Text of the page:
Hermeneutics: A Protreptic.Gregory R. Johnson - 1990 - Critical Review 4 (1-2):173-211.
    An argument is made for the relevance of phenomenological hermeneutics to economics, with special attention to recent debates on hermeneutics among economists of the Austrian school of Ludwig von Mises and F. A. Hayek. Hermeneutics is explicated in the context of Husserlian phenomenology, with special attention to phenomenology's Aristotelian roots. Naive and methodological forms of ?objectivism?; are contrasted with hermeneutics, which recovers the horizons of scientific knowledge: the whole, and the activities of the human knower. Finally, the charges that hermeneutics (...)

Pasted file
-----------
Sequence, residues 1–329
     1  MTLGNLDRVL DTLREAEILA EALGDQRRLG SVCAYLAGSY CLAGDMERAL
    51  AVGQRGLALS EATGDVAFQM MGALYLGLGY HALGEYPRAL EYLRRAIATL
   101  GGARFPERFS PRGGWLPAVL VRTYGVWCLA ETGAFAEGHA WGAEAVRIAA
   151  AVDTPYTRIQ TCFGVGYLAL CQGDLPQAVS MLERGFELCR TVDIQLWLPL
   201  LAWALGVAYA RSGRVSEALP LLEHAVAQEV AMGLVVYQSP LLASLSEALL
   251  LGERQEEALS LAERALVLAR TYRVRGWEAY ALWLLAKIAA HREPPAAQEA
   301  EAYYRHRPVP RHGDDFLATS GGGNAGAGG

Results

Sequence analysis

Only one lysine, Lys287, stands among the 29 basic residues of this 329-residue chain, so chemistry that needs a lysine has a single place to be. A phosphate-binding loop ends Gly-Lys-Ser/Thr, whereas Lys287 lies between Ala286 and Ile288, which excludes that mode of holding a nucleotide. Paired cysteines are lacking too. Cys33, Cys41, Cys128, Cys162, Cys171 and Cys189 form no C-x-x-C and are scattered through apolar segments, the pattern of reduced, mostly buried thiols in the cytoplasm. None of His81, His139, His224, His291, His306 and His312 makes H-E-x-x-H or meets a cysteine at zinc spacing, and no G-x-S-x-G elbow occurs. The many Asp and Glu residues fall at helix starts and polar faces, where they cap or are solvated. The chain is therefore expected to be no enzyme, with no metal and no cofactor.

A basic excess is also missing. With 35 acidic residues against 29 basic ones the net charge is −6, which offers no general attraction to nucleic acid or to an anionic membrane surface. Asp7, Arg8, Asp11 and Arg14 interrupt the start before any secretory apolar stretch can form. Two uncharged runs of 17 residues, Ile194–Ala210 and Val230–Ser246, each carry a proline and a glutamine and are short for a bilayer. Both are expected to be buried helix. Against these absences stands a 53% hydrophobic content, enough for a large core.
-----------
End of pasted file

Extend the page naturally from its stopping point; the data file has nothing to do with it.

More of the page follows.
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  10.  37
    The Contexts of Phenomenology as Theory.Mary Jeanne Larrabee - 1990 - Human Studies 13 (3):195 - 208.
  11.  18
    Phenomenology: Vigorous or Moribund? [REVIEW]M. M. Pitte - 1988 - Husserl Studies 5 (1):3-39.
  12.  25
    Linguistic Constitution: The Accomplishment of Meaningfulness and the Private Language Dispute. [REVIEW]Lenore Langsdorf - 1983 - Human Studies 6 (1):167-183.
  13.  8
    Ideology, Perspective, and Praxis.Mary F. Rogers - 1979 - Human Studies 4 (1):145 - 164.